Which is not to say that one should avoid video-conferencing altogether or that it does not have certain virtues. Right now, most everything is operating in a less than ideal manner, and we’re fumbling our way toward some version of “good enough.” But in order to use these tools well, it’s worth reckoning with what Zoom or Skype can and cannot do. We should understand how they might be undermining our stated objectives, and we should be clear about what we are asking of others when we mandate their use.
For years our friends and family have looked askance at those stuffed bookshelves and piles of books in various rooms of our abodes. People asked us why we were buying books when we already had plenty of books to read. People came up with a Japanese term to describe what we were doing–tsundoku, the piling up of unread reading materials. Some tried to invoke Marie Kondo on us to purge our books and only keep what gave us joy. One problem. Nearly all of them give us joy!
Somewhere, deep in our psyche, we knew this day would come. Bookstores and libraries would close. Even Amazon wasn’t a reliable source of books. We would have to rely on the books we have on hand. Forget the toilet paper! Would we have enough books on hand when the apocalypse came?
I’ve got that covered. Some time ago, I calculated that I probably won’t be able to read all the books in our home during my remaining life. It does mean I’ve begun to be more selective in buying new books, and occasionally, I realize that there is an unread book that at this point I’m no longer interested in reading.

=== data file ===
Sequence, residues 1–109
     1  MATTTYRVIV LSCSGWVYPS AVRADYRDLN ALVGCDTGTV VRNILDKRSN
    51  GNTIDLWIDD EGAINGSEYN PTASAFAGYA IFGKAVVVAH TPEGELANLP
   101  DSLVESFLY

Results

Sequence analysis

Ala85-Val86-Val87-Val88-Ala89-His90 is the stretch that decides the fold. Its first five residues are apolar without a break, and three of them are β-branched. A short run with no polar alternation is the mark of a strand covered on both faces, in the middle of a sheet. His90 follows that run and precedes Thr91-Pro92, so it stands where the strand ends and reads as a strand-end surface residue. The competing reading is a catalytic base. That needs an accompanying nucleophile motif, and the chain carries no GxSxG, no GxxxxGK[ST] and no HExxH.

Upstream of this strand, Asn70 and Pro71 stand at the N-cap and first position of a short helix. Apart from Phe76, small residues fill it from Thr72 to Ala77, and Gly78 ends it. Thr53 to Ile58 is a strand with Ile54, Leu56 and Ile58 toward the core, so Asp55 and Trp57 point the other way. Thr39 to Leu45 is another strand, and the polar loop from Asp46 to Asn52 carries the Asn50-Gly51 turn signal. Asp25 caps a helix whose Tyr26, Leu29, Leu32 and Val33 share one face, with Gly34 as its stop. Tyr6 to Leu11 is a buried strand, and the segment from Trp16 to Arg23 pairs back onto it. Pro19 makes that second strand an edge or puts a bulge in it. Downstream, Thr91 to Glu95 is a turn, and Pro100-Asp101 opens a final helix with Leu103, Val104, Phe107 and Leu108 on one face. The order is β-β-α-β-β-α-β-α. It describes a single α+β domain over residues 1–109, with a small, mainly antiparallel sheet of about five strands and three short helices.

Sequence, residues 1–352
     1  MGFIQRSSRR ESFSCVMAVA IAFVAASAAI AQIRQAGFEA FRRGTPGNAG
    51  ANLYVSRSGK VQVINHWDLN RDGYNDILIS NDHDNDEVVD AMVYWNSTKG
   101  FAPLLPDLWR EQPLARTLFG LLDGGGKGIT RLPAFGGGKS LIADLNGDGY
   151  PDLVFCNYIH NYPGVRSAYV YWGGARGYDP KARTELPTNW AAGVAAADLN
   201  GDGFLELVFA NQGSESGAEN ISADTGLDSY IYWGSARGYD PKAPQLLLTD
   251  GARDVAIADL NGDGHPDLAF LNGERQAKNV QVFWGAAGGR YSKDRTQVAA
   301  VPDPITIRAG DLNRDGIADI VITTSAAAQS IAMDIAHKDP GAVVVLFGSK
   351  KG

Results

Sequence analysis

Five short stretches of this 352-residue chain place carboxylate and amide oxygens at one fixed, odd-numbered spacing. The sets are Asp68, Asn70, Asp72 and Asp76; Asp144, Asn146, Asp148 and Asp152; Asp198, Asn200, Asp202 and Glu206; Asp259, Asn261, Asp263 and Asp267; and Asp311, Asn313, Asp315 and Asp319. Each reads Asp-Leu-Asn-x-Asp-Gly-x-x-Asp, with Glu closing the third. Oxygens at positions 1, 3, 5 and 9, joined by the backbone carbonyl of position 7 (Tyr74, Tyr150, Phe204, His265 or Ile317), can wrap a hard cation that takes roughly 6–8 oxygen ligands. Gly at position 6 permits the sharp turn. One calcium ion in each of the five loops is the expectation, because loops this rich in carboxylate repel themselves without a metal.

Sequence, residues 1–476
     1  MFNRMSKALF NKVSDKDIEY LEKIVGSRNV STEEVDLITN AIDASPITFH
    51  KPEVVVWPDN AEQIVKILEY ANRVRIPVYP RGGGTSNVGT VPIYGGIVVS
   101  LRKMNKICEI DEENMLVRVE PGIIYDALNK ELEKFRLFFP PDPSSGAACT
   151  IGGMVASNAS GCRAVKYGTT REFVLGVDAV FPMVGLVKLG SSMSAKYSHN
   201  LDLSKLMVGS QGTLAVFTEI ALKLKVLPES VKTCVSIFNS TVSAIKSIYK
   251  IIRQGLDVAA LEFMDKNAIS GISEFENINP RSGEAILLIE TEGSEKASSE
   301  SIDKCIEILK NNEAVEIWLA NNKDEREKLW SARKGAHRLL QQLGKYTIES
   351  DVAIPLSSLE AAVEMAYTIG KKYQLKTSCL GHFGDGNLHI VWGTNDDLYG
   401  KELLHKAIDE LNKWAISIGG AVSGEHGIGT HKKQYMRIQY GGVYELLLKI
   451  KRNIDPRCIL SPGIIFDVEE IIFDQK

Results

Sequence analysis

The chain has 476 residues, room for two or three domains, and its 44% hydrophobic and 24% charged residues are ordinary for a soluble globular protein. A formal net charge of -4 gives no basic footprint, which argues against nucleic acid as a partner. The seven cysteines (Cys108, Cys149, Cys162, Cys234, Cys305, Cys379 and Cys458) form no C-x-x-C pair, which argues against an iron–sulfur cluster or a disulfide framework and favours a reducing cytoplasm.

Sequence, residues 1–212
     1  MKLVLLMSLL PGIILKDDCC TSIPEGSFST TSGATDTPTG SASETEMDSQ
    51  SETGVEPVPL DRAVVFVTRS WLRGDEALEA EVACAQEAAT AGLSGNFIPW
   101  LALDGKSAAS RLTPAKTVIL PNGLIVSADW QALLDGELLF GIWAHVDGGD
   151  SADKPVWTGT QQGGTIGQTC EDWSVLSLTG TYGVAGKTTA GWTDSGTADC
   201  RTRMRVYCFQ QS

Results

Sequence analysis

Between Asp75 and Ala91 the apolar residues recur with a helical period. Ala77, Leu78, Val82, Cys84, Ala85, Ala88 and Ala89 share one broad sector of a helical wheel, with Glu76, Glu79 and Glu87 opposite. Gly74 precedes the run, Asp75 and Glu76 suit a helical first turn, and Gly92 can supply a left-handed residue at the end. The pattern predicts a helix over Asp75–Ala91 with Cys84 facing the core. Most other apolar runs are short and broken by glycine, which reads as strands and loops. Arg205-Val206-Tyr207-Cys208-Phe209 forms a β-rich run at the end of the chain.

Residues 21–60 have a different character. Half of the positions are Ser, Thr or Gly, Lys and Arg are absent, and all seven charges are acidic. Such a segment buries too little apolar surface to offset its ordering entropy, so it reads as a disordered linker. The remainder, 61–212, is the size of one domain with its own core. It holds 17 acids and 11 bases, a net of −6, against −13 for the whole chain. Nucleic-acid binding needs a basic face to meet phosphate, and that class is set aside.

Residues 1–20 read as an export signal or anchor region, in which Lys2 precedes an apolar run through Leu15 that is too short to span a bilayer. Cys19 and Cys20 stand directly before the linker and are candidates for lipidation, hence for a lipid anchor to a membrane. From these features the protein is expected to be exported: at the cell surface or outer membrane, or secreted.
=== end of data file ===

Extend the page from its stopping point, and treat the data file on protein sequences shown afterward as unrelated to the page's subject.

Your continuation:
I find many of my book-loving friends feel the same way. There is a bit of a sense of vindication, a bit of smugness as they look around at bored friends, and think to themselves, “all I need to do is pick up the next book on my “to read pile.” All along, we’ve lived with the dread that we would run out of books, perhaps a worse fate than running out of that Charmin. No worries, we have our hoard, carefully built up over the years.
A Psychology Today article, published back in 2017 raises the question of what books we would want in our “Doomsday” library. English professor Gina Barrecca writes, “I want books and light enough to read them by; I want stories, and history, and poetry, and science and collections on art, music, architecture, religion.” She goes on to list the classic and contemporary authors and titles.
You argue that the prevailing CBMW view of women is parasitic. The aims of women are defined as supporting the aims of men, with women reduced to the role of “masculine affirmers.” How do you see that playing out in the church?
I’m critiquing the book Recovering Biblical Manhood and Womanhood, where John Piper defines the heart of femininity as “affirming men.” Piper has contributed so much to the church. But that definition leaves no room for female agency or feminine contribution. I don’t believe my femininity is defined by how I nurture male leadership. Women have unique contributions that are needed in the church. There’s a reciprocity between manhood and womanhood that’s dynamic, that moves us to our shared purpose: eternal communion with the triune God.
So often we hear that the woman is subordinate to the man because Eve was created after Adam. But in the creation story, man is inadequate without woman. He needs a corresponding strength. So when man sees woman, he sees something of his ultimate identity as Christ’s bride. …
Women are in a double bind. They’re not always accepted as discipleship leaders in the church. But in parachurch ministries, where they are free to disciple, they don’t get doctrinal instruction and ecclesial accountability. What’s your solution?
There’s a reason why women are thriving in parachurch ministries. Women are being invested in and heard. We’re pumping out books and women’s conferences. And so I see why women are flocking to those spaces. Their own churches aren’t investing in them as disciples. My book is a call to the church to invest in laywomen and men with gifts in teaching and discipleship—and to encourage a healthy reciprocity between them. It’s not going to happen unless church officers are taking the lead.